Should more women be running for office in Lethbridge?
Dozens of people lined up inside Lethbridge City Hall on Monday, filing paperwork to run in next month’s municipal election.
Three people registered to run for mayor and 29 filled out nomination forms to run for council, eight of them are women.
That’s enough women to fill all eight councillor spots on the next Lethbridge City Council, but with 21 men running, that’s not enough, according to political analyst Bonnie Farries.
“If women represent 50 per cent of the population, you would think that, ‘Wouldn’t it be great if there was actually 50 per cent representation in government?'” Farries said.
Looking at other Alberta cities, Lethbridge is actually on the higher end.
In Medicine Hat, women represent four of the 19 candidates running for council. In Red Deer, seven of the 29 council candidates are women.
That’s concerning for Farries because she says women can bring a greater depth to decision making.
“At the municipal level I think this is even more crucial,” she said. “Municipal government provides quality of life, really, our services, about good water, good rec facilities, safety security, all of these things that I think you need to have good debate at the table.”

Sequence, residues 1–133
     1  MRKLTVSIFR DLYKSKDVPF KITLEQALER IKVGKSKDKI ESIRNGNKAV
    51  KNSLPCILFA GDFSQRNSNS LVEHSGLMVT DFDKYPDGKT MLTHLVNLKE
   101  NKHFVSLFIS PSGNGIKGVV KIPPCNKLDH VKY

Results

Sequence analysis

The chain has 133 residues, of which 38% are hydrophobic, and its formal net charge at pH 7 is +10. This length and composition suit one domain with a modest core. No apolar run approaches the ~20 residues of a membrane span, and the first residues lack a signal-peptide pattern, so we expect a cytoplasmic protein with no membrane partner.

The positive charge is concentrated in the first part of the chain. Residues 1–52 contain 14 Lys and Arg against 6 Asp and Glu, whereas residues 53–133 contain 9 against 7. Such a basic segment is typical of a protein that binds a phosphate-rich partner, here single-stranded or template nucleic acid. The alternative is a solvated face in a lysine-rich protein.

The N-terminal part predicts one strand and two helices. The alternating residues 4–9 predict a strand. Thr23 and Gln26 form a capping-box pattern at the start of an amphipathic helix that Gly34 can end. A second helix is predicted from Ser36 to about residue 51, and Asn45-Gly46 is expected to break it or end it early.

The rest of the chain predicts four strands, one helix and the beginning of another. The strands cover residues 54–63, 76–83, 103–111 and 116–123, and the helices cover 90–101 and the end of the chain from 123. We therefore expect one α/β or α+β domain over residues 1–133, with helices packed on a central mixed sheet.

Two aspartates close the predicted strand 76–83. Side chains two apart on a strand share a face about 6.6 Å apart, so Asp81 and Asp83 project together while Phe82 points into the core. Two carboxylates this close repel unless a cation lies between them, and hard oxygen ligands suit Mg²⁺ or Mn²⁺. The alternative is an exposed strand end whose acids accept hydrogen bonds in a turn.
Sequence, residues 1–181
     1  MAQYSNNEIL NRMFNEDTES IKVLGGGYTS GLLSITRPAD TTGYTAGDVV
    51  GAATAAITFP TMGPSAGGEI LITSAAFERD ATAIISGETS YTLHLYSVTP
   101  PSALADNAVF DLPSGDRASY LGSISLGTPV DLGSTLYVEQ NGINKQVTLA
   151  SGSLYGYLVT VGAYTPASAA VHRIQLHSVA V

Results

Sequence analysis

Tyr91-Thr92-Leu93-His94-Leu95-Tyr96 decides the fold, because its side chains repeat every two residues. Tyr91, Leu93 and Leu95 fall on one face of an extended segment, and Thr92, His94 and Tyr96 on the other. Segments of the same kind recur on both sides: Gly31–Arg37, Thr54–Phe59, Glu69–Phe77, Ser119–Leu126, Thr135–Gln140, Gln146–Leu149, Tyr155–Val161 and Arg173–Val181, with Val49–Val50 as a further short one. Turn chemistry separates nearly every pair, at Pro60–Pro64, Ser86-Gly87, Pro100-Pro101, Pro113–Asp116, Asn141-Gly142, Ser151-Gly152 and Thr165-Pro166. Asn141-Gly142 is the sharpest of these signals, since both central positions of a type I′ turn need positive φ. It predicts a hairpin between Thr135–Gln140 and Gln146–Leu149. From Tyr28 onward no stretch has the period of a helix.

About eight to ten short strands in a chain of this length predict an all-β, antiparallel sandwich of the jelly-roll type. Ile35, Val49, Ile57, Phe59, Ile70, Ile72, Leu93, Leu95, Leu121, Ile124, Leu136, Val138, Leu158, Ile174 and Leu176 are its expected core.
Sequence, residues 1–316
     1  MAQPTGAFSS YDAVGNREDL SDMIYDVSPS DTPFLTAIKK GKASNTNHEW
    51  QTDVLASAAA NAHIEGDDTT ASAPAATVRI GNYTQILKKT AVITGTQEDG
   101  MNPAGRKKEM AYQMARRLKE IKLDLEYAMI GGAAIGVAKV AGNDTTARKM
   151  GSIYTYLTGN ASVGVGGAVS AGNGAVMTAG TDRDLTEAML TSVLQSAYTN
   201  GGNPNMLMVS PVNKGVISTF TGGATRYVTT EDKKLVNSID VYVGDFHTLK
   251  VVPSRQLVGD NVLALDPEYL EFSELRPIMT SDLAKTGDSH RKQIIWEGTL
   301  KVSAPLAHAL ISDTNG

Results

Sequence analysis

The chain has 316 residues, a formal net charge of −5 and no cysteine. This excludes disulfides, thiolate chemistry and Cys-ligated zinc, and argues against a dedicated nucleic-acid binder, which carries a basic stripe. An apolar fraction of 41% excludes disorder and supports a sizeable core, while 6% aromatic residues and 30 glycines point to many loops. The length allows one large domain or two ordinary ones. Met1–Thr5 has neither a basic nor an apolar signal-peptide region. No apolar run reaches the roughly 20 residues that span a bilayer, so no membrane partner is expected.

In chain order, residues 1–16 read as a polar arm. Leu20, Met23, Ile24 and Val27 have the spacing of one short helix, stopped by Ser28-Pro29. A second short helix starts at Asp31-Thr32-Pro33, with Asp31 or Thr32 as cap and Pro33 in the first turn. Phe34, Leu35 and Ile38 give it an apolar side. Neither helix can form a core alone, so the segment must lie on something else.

Outgoing councillor Bridget Mearns agrees.
“Women do have qualities that are different,” Mearns said. “They’re more collaborative, they’re more empathetic, more passionate.”
Mearns is at the end of her second term. In both terms she was one of two women on council. She is not running this year to finish her MBA in Executive Management and to “focus on professional development,” she said in a Facebook post last week.
One potential voter thinks having more women on council would bode well for the future.
“I think it’s nice to have a positive female influence that kids can look up to and see, ‘That’s possible for me to do’ and to not be afraid of challenging gender norms,” University of Lethbridge student Alison Wild said.
But for that to happen, Farries says certain viewpoints need to change.
“Women are treated differently and there are stereotypes that have to be factored in and I do think, speaking from my own experience and the women that I interact with, it’s just not worth it,” she said.
For the eight women who decided to put their names forward, they’ll find out on Oct. 16 if their efforts are rewarded.
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